One way or another, the adventure plot and an ongoing trial plot don’t work well together. The trial plot’s given too much oxygen. I can see the logic of having parallel plots to illustrate the two lives Murdock leads, but Murdock feels oddly disconnected from either; the quasi-triangle doesn’t hold things. By the end of this episode, I’m finding it very difficult to focus on the show. Luckily, there’s a good twist to hold my interest.
10:54—Episode 9, Seven Minutes in Heaven
The opening of this episode may be one of the best 10-minute sequences of the season so far—tense and character-based. The next few scenes are fine as well, setting up a good action plot that ends up being executed too simply then grinds to a halt as Murdock’s personal life kicks back in. The pacing on this show is less effective than it should be.
12:02 — Episode 10, Man in the Box
Just past noon, and I’m not groggy at all. The show’s storytelling is very clear. I’m not sure, in fact, that I’m gaining anything by binging on it. Both season one of Daredevil and Jessica Jones gained by being watched all in a row, as dramatic tension rose steadily throughout: matched against single clear villains, you watched both heroes and villains grow more desperate over the course of the episodes. That’s not happening here.
The sequence of two (arguably three) chunks of plot break the flow of the season. Add to that the lack of connection between ongoing plot strands, and the show feels flat. Murdock’s more invested in one plot than the other, which even the other characters observe, and since he’s the lead I found myself pulled along with him: I cared about one story and not the other. I think I can see how the creators thought the arc was going to build, but it hasn’t worked. It’s not hard to watch, but it’s not gripping. That said, the plot strands are finally coming together this episode, which is accordingly more involving.
1:00—Episode 11, .380
Characters this season spend a lot of time angsting about things. Season one was constructed on the level of the individual scene—characters began scenes with clearly defined desires in opposition to each other, and their interactions led the story to interesting places. That also meant there were a lot of one-on-one acting showcases, as two (or three) actors bounced off each other. There’s much less of that here, as scenes advance the plot or allowing characters to exposit at each other by way of monologue. When we do get a good scene between two characters it doesn’t pay off dramatically.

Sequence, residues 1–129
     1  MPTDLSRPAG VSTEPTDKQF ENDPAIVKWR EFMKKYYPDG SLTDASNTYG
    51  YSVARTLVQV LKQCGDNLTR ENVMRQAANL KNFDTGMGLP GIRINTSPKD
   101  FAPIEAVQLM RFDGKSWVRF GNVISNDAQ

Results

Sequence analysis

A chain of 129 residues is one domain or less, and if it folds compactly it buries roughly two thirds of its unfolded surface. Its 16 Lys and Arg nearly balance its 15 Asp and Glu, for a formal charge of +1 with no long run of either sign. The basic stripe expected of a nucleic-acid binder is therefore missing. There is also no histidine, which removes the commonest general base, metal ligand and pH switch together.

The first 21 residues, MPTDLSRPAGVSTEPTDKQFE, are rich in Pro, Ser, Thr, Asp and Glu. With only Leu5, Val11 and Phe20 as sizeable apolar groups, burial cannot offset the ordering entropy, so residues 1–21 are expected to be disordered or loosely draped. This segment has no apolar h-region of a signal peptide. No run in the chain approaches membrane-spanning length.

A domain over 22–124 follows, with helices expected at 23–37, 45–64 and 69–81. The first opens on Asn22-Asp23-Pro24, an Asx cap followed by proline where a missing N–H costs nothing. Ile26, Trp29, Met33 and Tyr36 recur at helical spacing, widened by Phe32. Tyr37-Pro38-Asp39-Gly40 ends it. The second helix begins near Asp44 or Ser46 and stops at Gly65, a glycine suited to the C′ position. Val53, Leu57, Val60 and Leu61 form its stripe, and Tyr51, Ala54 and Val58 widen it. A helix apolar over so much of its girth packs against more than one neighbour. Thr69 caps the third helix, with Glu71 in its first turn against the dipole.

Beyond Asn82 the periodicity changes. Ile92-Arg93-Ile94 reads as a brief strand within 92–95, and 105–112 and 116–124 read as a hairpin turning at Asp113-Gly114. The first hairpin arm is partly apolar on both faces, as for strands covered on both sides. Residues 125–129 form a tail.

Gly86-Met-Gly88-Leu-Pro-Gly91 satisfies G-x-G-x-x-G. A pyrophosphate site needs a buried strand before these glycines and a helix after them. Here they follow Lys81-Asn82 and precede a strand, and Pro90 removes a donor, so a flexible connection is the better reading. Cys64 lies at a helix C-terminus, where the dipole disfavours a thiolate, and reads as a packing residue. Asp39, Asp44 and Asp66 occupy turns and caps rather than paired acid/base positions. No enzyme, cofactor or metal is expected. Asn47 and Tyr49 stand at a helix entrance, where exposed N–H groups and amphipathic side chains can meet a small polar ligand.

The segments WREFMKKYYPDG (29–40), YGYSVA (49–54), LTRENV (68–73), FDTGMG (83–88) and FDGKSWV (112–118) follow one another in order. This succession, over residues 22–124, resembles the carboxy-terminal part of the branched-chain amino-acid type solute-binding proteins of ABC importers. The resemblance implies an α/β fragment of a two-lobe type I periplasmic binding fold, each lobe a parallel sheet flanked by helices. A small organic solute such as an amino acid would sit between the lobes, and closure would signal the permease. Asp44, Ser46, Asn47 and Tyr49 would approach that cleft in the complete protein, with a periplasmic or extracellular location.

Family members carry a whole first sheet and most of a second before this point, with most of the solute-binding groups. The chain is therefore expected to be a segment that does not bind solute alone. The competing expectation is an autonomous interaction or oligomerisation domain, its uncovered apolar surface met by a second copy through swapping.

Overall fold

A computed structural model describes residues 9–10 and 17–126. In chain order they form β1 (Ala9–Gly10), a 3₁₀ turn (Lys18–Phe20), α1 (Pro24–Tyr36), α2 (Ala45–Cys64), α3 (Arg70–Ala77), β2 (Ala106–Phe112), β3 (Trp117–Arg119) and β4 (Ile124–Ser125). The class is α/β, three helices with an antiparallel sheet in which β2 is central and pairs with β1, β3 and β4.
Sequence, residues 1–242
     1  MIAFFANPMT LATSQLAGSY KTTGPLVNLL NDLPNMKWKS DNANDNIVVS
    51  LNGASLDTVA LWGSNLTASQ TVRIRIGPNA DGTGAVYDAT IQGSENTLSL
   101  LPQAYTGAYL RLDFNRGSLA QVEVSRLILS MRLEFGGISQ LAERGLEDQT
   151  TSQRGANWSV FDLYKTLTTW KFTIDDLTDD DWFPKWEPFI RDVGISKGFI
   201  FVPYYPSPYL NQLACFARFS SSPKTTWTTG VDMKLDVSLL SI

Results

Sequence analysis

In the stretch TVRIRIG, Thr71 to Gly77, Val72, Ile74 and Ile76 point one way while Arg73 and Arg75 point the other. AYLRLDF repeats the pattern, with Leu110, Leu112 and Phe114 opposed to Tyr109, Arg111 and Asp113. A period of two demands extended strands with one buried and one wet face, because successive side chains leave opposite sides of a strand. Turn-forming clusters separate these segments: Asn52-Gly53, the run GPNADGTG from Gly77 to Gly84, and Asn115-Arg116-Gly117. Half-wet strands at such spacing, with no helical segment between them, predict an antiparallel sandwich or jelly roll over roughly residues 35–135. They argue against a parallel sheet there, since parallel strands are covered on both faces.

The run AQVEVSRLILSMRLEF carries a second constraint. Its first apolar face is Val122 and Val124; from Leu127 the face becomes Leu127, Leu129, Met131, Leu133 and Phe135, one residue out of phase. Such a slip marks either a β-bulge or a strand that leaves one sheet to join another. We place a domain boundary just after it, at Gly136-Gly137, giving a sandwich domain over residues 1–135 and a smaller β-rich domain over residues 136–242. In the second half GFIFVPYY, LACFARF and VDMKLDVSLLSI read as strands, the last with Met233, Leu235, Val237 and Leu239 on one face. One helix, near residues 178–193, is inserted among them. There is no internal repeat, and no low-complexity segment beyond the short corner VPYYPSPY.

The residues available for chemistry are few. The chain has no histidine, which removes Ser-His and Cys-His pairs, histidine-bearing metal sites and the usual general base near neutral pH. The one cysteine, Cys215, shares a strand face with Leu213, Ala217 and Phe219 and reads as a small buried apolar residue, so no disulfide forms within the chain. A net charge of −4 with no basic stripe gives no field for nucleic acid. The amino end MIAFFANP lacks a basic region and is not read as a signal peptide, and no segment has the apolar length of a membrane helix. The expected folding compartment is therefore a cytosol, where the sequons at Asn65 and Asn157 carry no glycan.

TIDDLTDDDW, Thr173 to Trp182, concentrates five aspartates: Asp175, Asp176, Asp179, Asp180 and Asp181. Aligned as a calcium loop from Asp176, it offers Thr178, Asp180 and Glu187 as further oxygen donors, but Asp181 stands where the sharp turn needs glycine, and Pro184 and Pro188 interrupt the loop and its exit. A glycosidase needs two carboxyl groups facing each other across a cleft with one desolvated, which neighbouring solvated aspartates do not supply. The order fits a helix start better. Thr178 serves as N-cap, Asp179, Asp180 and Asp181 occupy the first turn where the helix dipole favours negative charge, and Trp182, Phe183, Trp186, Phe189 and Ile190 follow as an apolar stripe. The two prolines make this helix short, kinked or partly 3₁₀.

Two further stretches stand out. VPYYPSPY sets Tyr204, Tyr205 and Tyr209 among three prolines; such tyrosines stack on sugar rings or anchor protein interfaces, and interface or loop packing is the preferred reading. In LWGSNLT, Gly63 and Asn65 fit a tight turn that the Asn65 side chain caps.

I find this season’s also oddly incoherent in its grasp of real violence and crime. Torture’s depicted as a mostly effective information-gathering technique, which it isn’t, and New York’s depicted as full of unrepentant criminals—ignoring the drop in crime rates between the 1970s, when the Punisher was created, and now. These things matter because the show’s trying to build itself around themes of justice and morality, and when it ignores how these things are actually playing out in reality, the result’s hollow and pretentious.
Meanwhile, structurally this episode is like a microcosm of the season as a whole. I’m following what’s going on, I can see the logic of the construction, and yet I’m not deeply involved.
2:36—Episode 12, The Dark At the End of the Tunnel
After making dinner, I go on with the last two episodes. Plot twist follows plot twist, fight scene follows fight scene. It feels random, whether because I’m more tired than I realize or because the show’s losing focus. Either way, the melodrama’s out of control. The groundedness of the early season makes the implausibility too apparent. And it turns out that Clancy Brown’s playing effectively the same character he plays on The Flash, which is uninspired.
3:30—Episode 13, A Cold Day in Hell’s Kitchen
And so we come to an end. Just as well. I’m tired, and not in a good way. I do think this would be a better show when watched over several days: the first four episodes, the next three, the remaining six. In this episode an unexpected guest star cameos, and two other characters evolve their costumes. Something like a climax to the season drifts into view. Conversely, the Punisher drifts away with his subplots unresolved. Worse, his whole branch of the plot feels, in retrospect, pointless. But then we never really find out what the villains were after, either, so there’s a general lack of plot resolution. There’s a final boss fight (against a character whose reintroduction was denuded of dramatic impact because it came so late in the run), an awkward monologue, a few scenes to set up next season, and that’s about it. The thematic concerns about violence and the morality of murder drop out of the picture with no development or resolution.
Is the show worth watching? If you liked season one, it’s decent enough. If not, I didn’t see anything here that’s likely to pull you in. I didn’t care for it as much as I did the first season, or Jessica Jones. It’s a watchable show.
—Follow Matthew Surridge on Twitter: @Fell_Gard